Groceries would be taxed at a lower rate, but the elevated sales tax rate approved in the wake of the recession would continue indefinitely under a plan approved by the Senate in the waning hours of the legislative session Thursday.
The plan, which sought to break a political logjam after weeks of disagreements between the Republican-dominate House and Senate over the sales tax rate, won approval on a 25-14 vote.
It would lower income tax rates. It would bring in hundreds of millions of dollars to stabilize the state budget in the wake of big income tax cuts last year. It would do that by keeping the sales tax rate and by phasing out deductions that return tax money to Kansans for a variety of activities, such as buying a home.
Lowering income taxes will create more jobs than lowering property or sales tax, said Senate President Susan Wagle, R-Wichita.
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“We’re in a stagnant economy,” she said. “This is the best policy we can enact now to counter everything at the federal level.”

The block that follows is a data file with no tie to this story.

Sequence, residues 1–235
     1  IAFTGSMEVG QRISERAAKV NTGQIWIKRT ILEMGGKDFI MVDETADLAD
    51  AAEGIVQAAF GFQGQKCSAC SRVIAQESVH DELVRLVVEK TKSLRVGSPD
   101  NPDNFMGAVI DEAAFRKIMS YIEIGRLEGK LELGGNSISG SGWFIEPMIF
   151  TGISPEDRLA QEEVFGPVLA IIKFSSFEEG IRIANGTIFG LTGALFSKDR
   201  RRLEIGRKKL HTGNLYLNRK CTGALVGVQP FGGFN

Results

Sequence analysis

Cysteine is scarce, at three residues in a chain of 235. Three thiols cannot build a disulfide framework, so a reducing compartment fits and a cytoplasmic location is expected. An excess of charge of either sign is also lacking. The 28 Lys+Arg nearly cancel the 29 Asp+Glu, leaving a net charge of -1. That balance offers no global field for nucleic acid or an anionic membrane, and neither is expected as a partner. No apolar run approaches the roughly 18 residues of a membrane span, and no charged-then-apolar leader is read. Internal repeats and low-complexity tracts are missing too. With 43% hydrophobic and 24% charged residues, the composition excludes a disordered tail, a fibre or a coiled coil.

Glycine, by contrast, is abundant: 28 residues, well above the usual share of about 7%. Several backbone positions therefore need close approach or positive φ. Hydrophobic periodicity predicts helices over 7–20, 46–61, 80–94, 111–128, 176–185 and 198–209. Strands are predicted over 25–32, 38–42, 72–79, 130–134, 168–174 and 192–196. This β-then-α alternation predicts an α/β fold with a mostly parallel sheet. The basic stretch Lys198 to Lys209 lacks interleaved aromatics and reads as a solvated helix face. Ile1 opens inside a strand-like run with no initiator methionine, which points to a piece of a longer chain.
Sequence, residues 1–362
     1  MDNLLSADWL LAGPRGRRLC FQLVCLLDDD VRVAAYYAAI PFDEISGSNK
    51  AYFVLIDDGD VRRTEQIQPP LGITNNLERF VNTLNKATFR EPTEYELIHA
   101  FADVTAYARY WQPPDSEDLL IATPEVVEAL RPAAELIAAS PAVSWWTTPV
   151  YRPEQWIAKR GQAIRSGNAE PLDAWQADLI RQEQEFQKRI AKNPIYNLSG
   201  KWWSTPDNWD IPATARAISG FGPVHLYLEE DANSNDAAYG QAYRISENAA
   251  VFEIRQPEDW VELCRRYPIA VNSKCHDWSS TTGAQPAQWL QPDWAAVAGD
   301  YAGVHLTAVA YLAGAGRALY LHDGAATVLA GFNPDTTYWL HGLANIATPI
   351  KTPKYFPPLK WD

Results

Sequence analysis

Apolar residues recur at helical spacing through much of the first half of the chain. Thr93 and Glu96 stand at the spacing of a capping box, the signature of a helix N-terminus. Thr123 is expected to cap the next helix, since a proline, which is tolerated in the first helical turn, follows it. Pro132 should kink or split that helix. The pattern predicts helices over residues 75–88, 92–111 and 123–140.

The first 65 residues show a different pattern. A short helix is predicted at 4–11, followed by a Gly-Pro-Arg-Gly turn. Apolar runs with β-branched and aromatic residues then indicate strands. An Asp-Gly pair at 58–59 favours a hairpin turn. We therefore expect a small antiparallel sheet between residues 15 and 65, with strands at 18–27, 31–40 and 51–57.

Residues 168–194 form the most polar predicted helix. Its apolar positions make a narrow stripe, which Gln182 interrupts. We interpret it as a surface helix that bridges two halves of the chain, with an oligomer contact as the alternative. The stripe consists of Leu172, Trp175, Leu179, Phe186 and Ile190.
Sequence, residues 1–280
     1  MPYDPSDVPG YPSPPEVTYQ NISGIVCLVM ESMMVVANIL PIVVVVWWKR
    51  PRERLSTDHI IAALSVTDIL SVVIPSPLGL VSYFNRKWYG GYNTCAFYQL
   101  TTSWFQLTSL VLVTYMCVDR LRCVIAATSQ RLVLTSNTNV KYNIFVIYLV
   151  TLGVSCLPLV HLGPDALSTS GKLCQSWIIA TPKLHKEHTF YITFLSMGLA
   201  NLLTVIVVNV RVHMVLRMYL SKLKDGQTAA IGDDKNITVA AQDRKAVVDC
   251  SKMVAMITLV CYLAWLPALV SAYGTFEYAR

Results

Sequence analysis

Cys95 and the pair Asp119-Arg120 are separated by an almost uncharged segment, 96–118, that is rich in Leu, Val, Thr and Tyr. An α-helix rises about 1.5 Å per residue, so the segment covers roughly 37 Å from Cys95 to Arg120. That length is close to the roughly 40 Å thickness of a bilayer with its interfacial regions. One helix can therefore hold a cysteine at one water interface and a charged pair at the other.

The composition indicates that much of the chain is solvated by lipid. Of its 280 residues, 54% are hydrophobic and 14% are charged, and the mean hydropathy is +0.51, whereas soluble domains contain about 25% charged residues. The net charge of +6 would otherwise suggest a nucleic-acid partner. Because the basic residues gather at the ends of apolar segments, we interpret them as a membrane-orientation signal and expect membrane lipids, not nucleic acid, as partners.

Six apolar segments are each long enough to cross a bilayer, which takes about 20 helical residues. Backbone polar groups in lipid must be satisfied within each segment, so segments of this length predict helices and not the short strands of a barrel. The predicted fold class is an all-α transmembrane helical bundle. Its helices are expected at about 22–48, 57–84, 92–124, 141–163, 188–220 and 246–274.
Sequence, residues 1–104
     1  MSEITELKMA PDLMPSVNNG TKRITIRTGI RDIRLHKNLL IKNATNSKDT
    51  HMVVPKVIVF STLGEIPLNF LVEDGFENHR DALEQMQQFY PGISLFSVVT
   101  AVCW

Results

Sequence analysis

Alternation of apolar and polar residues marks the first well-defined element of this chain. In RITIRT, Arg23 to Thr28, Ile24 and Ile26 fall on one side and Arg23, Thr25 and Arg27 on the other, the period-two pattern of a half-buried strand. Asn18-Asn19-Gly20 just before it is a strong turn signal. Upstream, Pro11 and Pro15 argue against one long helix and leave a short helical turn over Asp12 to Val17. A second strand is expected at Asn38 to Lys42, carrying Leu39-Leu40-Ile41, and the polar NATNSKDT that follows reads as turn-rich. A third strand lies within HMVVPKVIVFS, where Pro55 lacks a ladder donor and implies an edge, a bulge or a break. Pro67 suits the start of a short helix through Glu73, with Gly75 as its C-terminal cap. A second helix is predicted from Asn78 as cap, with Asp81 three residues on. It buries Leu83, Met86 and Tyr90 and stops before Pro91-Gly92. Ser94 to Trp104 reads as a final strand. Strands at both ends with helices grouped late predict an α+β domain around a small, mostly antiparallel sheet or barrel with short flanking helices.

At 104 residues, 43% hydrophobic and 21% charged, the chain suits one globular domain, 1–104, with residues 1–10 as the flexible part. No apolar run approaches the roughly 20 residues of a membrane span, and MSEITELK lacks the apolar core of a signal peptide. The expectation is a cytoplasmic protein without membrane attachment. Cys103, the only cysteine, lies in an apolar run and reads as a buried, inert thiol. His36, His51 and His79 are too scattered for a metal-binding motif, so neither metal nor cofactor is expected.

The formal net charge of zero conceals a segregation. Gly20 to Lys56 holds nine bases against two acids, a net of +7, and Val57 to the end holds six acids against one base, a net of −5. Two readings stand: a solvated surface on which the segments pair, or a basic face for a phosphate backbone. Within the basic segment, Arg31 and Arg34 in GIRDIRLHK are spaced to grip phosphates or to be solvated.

In a prepared statement, Gov. Sam Brownback said the Senate’s plan will increase private sector jobs and personal income for Kansas families and businesses, and he said it lowers the tax burden on all Kansans.
But it remained unclear whether the new proposal could pass the House, which sought to let .06 percent of the state sales tax expire as scheduled in July.
The House could vote on the plan as early as Friday morning, sending it to Brownback, or reset the entire debate and push the Legislature deeper into overtime. It surpassed 90 days on Thursday.
“I think it’s a very viable plan for the House,” said Wichita Republican Rep. Gene Suellentrop.
But House Republican leaders have long resisted any sales tax rate beyond 6 percent.
The Senate’s plan would continue indefinitely the increased sales tax rate of 6.3 percent that lawmakers approved in 2010 to protect state services during the recession. The proposal would lower the rate on groceries to 4.95 percent starting in 2014.
Several lawmakers opposed the plan, in part because they promised to let the sales tax increase expire.
“We made a promise, we should keep that promise,” said Wichita Democratic Sen. Oletha Faust-Goudeau.
Senators voted separately and unanimously to approve the lower rate on groceries.